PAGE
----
The night cap on Saturday was the more exciting game. The Nationals came from behind 2-0 to score four in the sixth, two of those runs scoring on a Matt Adams two run single to finally excite the crowd in what was a downer day waiting for the Nat bats to awake. But the celebratory mood was only temporary as the Dodgers Matt Kemp hit a two run pinch hit double in the top of the ninth to erase a 4-3 deficit and give the Dodgers a 5-4 win.

The Nationals are in trouble with their bats. Bryce Harper is scuffling, Michael Taylor is mister swing and miss and half the lineup is on the disabled list. In the opener the Nationals could not muster an extra base hit against starter Ross Stripling and three different relievers. It was the kind of game that left you blankly staring at the scoreboard waiting for the Nationals to generate some excitement.

Ross Stripling struck out the side to start the game, the lack of aggressiveness at the plate a concern for the Nationals. Trea Turner and Anthony Rendon were called looking and six of the nine Stripling K’s were caught looking. Stripling would end his day striking out the last five National hitters he faced, going six innings and giving up just four hits. He struck out nine for the day, a career high for him.

Tanner Roark had a decent outing giving the Nationals seven innings. He gave up a leadoff triple in the first inning to Joc Pederson, who later scored on a Yasmani Grandal fly ball. His fastball no longer hits 95, sitting in the low 90s, but he battles for his outs.

The Nationals tied the game in the third, getting three of their four hits off Stripling. Bryce Harper fought off a pitch and blooped a single into centerfield to score Wilmer Difo for their only run of the game. The third, fifth and seventh innings were the only innings when the Nationals could get anyone on base.

The Dodgers took the lead in the fifth, putting runners on first and third with one out on singles by Logan Forsythe and Joc Pederson. Cody Bellinger hit a hard grounder to second. The Nationals attempted to turn two but Bellinger beat the throw to first allowing Forsythe to score the second run.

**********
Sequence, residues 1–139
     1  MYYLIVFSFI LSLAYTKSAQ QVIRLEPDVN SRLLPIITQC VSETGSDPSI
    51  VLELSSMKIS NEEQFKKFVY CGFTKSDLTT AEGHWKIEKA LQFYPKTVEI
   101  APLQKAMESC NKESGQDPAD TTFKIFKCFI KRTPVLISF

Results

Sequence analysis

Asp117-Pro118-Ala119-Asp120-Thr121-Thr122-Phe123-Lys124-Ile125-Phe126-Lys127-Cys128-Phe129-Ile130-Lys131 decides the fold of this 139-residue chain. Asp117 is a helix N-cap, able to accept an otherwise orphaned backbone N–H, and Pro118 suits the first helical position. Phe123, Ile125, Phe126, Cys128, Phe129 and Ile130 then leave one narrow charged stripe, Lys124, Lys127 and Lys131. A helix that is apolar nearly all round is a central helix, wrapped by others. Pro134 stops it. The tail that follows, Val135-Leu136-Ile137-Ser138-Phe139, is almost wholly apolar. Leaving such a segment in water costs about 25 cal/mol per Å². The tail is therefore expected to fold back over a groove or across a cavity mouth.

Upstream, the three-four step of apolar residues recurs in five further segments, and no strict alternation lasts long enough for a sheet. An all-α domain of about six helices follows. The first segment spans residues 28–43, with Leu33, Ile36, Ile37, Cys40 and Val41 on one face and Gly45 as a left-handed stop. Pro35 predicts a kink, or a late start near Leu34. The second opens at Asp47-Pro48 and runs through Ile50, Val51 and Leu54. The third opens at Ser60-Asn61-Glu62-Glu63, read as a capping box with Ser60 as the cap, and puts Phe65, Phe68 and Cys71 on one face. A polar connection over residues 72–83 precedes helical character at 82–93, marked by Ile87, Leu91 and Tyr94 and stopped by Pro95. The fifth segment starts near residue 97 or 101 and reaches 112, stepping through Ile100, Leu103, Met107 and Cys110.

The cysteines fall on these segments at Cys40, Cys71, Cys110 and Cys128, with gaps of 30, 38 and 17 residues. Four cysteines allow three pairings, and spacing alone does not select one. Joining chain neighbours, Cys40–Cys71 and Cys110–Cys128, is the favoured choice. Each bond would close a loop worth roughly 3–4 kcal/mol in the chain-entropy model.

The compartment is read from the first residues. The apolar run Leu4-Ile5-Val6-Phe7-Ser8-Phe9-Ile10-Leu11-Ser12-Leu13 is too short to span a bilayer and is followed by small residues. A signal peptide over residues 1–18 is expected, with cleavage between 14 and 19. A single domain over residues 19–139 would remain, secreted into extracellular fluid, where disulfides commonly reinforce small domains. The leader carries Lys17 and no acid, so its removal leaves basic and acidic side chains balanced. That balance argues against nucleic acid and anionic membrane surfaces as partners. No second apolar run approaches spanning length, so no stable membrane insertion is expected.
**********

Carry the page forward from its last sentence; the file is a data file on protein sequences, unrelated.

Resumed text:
Max Muncy drove in the last two runs for the Dodgers with an RBI double in the sixth and a sacrifice fly in the eighth. The rather ordinary Dodger bullpen closed out the Nationals bats for the last three innings to seal the 4-1 win.

The nightcap almost saw an interesting trivia question, i.e. the fewest pitches thrown by a starting pitcher in a no-hitter. Rich Hill could only throw two pitches before he had to be removed because of a blister. Three Dodger relievers then no hit the Nationals for the next five innings before the Nationals bats awakened for one inning in the sixth when they scored four runs.

Max Scherzer was strong for the Nationals. He went seven innings and struck out 12. He left the game with a 4-2 lead, giving up a leadoff double to Joc Pederson in the first followed by a run scoring single by Max Muncy. Scherzer struck out the next three Dodgers. Muncy did it to Scherzer again with a solo homerun in the fifth, an unlikely player to drive in the Dodgers last four runs.

The quiet Nationals bats briefly erupted in the sixth for four runs. Trea Turner started the inning off with an extra base hit bouncing off the scoreboard wall for a double. Harper was hit by a pitch. With runners on first and third and two out Mark Reynolds came through in the clutch with an RBI double that one hopped the scoreboard wall. That put runners on second and third with two outs. The Dodgers chose to walk Michael Taylor intentionally to face Pedro Severino. Matt Adams pinch hit for Severino and lines a 2-2 pitch into right field for a two run single and a 4-2 lead. All four of the Nationals hits occurred in the sixth inning.

The Nationals pen fails to hold the lead. Sammy Solis gave up a solo shot to Cody Bellinger in the eighth. Sean Doolittle gave up hits to the first three batters he faced in the ninth, the killer being a two run pinch hit double by Matt Kemp.